House at the former 4,000 acre Cotton Plantation in GA


John Frank Mathews Plantation, Prattsburg Georgia
Date added: June 02, 2024 Categories:
Main House, front (1986)

The John Frank Mathews Plantation is a virtually untouched example of a main house on a late antebellum plantation. It is the often-found four-over-four with a central hall plan, Greek Revival-style structure. The original plans by James D. Cottingham still exist, the only ones known for a Georgia antebellum plantation house. The property has the remains of the industrial complex that once contained a cotton gin, grist mill, sawmill, planing mill, and dipping vat, if not more. Over 100 bales of cotton were produced here on the eve of the Civil War. It would have been one of the major plantations within the community of Prattsburg. The prototypical Georgia plantation, this property was one of the largest and most productive cotton plantations in the area.

The John Frank Mathews Plantation rests upon land which was opened for white settlement with the 1827 Land Lottery; Talbot County was established the same year. Frank Mathews was born that same year in Baldwin County, Georgia, site of the then-state capitol of Milledgeville. He moved with his parents to Talbot County, and it was there in 1851 that he married seventeen-year-old Mary E. Parker. They obtained Land Lot 56, consisting of 202 and a half acres, after her father's estate sale in 1857.

The Mathews are said to have built this plantation house during 1859-1860, and to have moved into it in early 1861, the same day one of the local companies left for the Civil War. A local carpenter, James D. Cottingham, who was born in Virginia in 1808, was the builder/contractor. His signed plans and a list of the supplies he needed for the house from the local sawmill still survive.

Between their marriage and moving into their new home, the Mathews lived at the nearby Drane-Mathews House (later used as a tenant house). In the 1860 Census, Mathews was listed as being a planter, with real estate valued at $6,000. In their household, besides their own child, were Mrs. Mathews' orphaned three brothers and a sister. Some of the young couple's wealth, and especially slaves, came to them after her father's death in 1856.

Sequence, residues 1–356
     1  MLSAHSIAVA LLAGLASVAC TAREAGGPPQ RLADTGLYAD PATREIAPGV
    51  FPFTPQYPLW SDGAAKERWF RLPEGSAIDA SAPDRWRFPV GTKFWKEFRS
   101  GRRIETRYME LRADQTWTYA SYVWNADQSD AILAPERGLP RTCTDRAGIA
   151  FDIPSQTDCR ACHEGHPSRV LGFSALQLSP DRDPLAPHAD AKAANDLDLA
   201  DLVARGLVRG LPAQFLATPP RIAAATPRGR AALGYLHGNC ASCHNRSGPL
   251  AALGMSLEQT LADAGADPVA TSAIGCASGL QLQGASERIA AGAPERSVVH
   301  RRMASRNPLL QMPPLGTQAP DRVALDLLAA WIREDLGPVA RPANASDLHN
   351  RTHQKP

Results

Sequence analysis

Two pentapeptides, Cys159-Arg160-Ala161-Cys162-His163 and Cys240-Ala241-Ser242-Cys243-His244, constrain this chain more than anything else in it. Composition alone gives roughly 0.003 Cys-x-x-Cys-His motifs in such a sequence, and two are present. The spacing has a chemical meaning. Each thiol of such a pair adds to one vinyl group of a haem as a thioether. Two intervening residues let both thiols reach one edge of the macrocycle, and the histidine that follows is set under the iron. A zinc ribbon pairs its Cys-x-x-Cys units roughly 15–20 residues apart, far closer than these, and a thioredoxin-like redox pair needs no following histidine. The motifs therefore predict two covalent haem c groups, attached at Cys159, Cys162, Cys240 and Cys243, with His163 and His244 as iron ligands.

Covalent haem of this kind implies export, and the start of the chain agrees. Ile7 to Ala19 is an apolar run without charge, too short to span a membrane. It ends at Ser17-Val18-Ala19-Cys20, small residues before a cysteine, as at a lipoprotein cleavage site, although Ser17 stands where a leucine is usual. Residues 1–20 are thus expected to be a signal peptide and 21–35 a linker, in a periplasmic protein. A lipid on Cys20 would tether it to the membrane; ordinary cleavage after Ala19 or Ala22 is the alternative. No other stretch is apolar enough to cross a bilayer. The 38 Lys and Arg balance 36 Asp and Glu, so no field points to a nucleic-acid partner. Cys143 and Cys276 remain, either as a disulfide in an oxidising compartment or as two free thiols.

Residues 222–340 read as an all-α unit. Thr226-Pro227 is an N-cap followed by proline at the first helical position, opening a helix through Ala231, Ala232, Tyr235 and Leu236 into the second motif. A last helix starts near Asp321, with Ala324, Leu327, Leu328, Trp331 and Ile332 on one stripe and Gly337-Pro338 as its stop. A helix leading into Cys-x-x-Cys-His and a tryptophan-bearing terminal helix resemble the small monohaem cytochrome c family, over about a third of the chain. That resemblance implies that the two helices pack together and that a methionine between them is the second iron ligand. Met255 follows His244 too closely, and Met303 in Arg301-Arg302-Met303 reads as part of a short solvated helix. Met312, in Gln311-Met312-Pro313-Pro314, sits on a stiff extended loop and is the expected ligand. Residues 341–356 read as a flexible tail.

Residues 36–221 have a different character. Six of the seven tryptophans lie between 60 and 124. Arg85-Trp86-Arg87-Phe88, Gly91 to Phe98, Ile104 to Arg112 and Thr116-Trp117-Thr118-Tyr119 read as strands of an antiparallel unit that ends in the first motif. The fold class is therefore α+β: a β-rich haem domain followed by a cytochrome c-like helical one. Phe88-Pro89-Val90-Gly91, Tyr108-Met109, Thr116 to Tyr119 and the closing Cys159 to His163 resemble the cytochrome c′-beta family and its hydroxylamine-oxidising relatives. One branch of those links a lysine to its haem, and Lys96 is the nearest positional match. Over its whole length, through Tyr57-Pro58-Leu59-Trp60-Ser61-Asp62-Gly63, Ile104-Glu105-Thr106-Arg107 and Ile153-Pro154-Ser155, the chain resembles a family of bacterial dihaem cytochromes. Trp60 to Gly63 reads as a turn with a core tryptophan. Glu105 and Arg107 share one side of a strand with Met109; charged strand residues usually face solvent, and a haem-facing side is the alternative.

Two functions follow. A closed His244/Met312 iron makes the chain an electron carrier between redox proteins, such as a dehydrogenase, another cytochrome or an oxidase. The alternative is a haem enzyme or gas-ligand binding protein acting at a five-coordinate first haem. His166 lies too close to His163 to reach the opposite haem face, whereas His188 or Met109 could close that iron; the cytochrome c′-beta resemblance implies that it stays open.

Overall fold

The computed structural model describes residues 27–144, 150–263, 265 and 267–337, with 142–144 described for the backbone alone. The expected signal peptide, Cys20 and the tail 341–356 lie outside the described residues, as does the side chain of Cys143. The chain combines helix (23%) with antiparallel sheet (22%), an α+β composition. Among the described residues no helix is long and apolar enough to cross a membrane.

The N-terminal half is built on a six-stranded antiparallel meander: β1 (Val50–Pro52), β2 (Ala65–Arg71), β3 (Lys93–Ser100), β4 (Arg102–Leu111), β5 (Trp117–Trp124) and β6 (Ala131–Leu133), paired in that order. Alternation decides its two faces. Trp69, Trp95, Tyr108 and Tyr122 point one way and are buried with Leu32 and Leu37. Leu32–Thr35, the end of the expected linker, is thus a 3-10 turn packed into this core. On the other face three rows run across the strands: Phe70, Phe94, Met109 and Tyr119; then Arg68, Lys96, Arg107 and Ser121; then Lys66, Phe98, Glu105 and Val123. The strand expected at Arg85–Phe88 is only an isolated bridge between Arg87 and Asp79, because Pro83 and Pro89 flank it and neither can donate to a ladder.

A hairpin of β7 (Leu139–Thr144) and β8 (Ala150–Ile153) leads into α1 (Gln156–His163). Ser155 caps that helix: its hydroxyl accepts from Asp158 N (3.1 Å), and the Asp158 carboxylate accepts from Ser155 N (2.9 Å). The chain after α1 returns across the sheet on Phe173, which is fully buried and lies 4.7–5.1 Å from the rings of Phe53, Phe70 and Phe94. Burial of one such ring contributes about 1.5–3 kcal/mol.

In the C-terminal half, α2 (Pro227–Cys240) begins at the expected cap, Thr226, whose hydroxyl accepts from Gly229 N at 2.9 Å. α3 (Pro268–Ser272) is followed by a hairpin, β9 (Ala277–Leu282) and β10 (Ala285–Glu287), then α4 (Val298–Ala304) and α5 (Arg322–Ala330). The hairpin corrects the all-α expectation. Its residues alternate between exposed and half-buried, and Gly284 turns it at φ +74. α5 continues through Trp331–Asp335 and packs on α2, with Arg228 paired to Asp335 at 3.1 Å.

There were 800 acres under cultivation and 225 acres not cultivated. Statistics show the Mathews had a variety of livestock on the plantation: horses, mules, milch cows, fifteen sheep, and 100 pigs. They raised, or grew, wheat, corn, and some vegetables, and they produced over 106 bales of cotton in 1859-1860, as this plantation house was being completed. Talbot County was the 8th largest cotton producing county in Georgia that year, and the Mathews' plantation was one of the major plantations in the county.

The Civil War affected the Mathews plantation in a major way. J. Frank Mathews was called to serve late in the war, in 1864, but was fortunate enough to survive and return to the "new south" of Reconstruction and the reorganization of society. With slaves now free, he had to contract with them in order to have a work-force to run the farm. In 1869, he was on the building committee and a trustee of the nearby Corinth Methodist Church. The 1870 Agricultural Census indicated that the farm consisted of 1,000 cultivated acres and 600 unimproved ones, with the same crops and livestock as in 1860, except that the cotton production was down to 67 bales a year. In his later years, Mathews was also a merchant, stock raiser, and stock dealer.

When Mathews died in 1888, at age 60, he left a plantation of over 4,000 acres, valued at around $20,000. At that time the community of Prattsburg was variously described as a place where cotton was the principal crop, with two churches, Baptist and Methodist, and one common school. It also had a post office, several general stores, and one doctor. In 1883, the population was given as 100, with the nearest bank being in Columbus. There was a water-powered grist mill, four general stores, and a blacksmith. The industrial complex whose remains still exist on the Mathews' land is said to have included a family-operated sawmill and planing mill, both of which were run by the same overseer who also looked after a peach orchard. They also operated a grist mill, cotton gin, and community dipping vat. The blacksmith is said to have shoed horses and mules and was also a wheelwright. The Mathews family operated the blacksmith shop as a community service from 1890 to 1955.